40 pci express lanes is not about performance, it is about additional connectivity without 3rd party chips. X79 allows quad SLI natively while Z87/Z77/etc do not - with 16 lanes you can do x8/x8 dual SLI or you can do tri sli on some boards in x4/x4/x8 configurations. Of course, Tri SLI at x4 speeds will be horrible. You can workaround this with an additional PLX chip for quad SLI, and all of those boards are prohibitively expensive - in the 400$ range (example: Asus Maximus VI extreme or P8Z77 Premium)
"Normal" Z87 boards only support dual SLI in x8/x8 or triple SLI in x4/x4/x8, while X79 allows quad SLI in x8/x8/x8/x8 without the expensive PLX chip. The PLX has a drawback of being very expensive (80$ IIRC just for the chip) and it is slower than native CPU lanes. Examples:
All of these PLX boards are prohibitively expensive, for 400$ you may as well just get a LGA 2011 CPU with a 250$ x79 board. Anyway, long story short - the larger number of lanes on x79/LGA 2011 is there to accommodate more GPUs and more connectivity natively, Z87, Z77, Z68 cannot do this because they only have 16 lanes. Unless you add a PLX chip, which is inherently lower in performance than native PCIE lanes.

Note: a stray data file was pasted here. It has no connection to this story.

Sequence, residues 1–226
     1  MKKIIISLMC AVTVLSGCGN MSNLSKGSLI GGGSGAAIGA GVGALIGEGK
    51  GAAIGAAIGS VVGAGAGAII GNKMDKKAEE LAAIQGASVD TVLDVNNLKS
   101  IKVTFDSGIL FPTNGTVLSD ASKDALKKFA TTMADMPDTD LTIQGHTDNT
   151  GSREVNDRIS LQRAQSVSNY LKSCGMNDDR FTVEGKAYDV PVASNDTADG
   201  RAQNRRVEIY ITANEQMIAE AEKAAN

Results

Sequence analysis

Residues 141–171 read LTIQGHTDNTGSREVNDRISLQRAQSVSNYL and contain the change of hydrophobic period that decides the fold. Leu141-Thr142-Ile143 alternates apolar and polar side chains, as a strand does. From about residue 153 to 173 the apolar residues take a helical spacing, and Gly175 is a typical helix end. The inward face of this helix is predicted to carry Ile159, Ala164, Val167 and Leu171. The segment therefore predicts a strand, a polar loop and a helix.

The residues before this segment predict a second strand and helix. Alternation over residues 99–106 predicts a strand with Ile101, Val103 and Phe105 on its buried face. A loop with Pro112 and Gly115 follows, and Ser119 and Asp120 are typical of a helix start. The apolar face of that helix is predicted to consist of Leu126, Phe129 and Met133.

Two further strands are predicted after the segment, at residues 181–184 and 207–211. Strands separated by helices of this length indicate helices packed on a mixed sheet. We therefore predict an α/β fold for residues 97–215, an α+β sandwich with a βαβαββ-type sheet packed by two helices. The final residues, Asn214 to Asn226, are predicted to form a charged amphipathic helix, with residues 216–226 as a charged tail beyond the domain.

As far as performance differences between 2 way sli X16 and dual X8, it is small, probably 4-5%. But the point isn't the performance, it is more GPUs for workstation boards (or gaming if one so chooses) and more peripherals on the PCIE bus. 16 vs 40 lanes is pretty huge in terms of connectivity..
(And no, don't even start typing it: "it doesn't bottleneck" is a childish response I always get about it, not even 16X on a single card is "100%", there is always room for improvement.)
That's the tone of every post i've seen from you. You could easily ask this question without a combative tone, that seems to be the trend from you. Stop trying to start arguments where it isn't needed.
Edited by xoleras - 8/19/13 at 11:42am